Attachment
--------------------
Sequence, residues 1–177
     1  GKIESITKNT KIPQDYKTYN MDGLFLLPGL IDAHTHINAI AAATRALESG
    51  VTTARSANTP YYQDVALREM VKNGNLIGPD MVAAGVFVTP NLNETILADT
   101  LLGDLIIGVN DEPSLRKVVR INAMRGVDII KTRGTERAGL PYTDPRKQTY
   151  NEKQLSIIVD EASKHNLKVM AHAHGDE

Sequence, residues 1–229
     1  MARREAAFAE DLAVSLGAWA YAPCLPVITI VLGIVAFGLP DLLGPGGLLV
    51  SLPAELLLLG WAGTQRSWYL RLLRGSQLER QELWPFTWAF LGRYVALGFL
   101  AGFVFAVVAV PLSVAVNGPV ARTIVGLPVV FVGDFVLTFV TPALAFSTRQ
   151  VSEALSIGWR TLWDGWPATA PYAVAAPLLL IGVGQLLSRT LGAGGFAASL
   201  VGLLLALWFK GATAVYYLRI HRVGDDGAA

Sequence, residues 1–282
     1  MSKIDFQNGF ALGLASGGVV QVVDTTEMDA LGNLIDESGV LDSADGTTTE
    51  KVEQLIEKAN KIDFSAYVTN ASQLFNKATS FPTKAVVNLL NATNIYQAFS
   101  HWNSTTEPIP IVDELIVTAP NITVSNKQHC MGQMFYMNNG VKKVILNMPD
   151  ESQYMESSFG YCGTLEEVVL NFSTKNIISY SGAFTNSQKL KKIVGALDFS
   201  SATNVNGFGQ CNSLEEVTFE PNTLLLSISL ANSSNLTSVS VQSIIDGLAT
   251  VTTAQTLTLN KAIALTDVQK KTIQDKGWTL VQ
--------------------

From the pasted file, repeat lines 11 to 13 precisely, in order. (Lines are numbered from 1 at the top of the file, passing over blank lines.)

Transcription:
   201  VGLLLALWFK GATAVYYLRI HRVGDDGAA

Sequence, residues 1–282
     1  MSKIDFQNGF ALGLASGGVV QVVDTTEMDA LGNLIDESGV LDSADGTTTE